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Insular Christianity Project, 1530-1750

Religious beliefs have proved crucial in determining identities, shaping societies and forming intellectual matrices within Ireland, and the British-Irish archipelago as a whole. This has been recognised by its inclusion of religion, and of comparative and cross-cultural studies, within the IRCHSS Thematic Area Four 'The making of Ireland: paths to modernity'. At no time was this more apparent than in the centuries under consideration in this project.

Examination of these processes in a genuinely comparative and collaborative manner is the primary scholarly objective of this project. Dialogue and debate would be focused through the selection of three particular, and intellectually exciting, sets of questions to be addressed by contributors. A closely ordered, but manageable, sequence for the delivery of submissions and for meetings for discussion would permit publication within an acceptably short time-frame.

The three volumes derived from the symposia would not be 'conference proceedings' but genuinely collaborative ventures in research, enriched by mutual suggestion and criticism. They would address issues which would resonate beyond the narrowly ecclesiastical, namely, Catholicism and Presbyterianism as national communities of faith; the practice of Christianity in the Celtic world, and the creation and appropriation of Celtic histories; the impact of the vernacular Bible, in literary, cultural, theological and devotional terms.

Postdoctoral projects are a crucial component of the overall project. Religious history, even broadly understood, has perhaps lacked the prominence within the Irish academy which has been attained by other important branches of historical scholarship. The creation of posts dedicated to furthering scholarly careers within this field would thus contribute to sustaining diversity within Irish historical scholarship. It is intended that the postdoctoral fellows would be active in the organisation and promotion of the symposia, and contribute to the ensuing debates as well as working on assigned editorial projects. These, in turn, have their own importance to the project as a whole.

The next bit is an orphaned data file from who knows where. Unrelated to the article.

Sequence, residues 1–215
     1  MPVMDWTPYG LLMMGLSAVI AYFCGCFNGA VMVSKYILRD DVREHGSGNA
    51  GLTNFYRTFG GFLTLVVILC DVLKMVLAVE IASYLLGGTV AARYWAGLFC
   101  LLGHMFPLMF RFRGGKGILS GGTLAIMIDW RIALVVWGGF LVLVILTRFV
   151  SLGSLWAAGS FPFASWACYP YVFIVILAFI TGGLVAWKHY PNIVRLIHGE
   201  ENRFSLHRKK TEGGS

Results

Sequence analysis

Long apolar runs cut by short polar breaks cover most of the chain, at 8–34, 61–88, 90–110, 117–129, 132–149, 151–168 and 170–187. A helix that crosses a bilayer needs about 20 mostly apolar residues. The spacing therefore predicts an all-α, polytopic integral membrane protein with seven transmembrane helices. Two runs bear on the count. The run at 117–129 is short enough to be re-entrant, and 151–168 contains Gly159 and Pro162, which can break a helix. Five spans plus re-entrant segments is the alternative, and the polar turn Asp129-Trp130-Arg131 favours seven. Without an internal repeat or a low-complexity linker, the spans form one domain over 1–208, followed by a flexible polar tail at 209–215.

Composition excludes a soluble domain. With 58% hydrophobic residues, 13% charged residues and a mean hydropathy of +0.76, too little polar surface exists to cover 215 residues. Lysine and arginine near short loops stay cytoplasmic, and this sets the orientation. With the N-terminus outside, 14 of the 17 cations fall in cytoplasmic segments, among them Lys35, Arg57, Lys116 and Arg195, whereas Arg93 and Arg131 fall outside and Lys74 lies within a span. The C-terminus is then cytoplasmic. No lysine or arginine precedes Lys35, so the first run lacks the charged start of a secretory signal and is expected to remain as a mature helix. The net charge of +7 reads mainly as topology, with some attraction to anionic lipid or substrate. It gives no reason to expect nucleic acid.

The aim here is to promote a particular approach to the editing of primary sources for early modern Irish history, one which prioritizes both text (through careful editorial work and full scholarly apparatus) and context, through the inclusion of substantial interpretive essays. The works selected for inclusion complement the themes of the symposia, particular the first of the three. Patrick Adair's 'True narrative', composed in the late seventeenth century, is not only a vital source of information on the emergence of Presbyterianism in Ireland, but a significant exercise in the creation of a religious tradition.

It would be published alongside other, shorter, texts deriving from the formative period of Irish Presbyterianism, and framed by interpretive essays by Dr. Armstrong, and Dr. Andrew Holmes of Queen's University, Belfast. Conor O'Mahony's controversial Disputatio Apologetica (1645), by contrast, illuminates by the manner in which it cuts across much of the Catholic thinking produced within Ireland. The items chosen merit publication on scholarly criteria, but have also been selected as viable publications within time-frame of the project.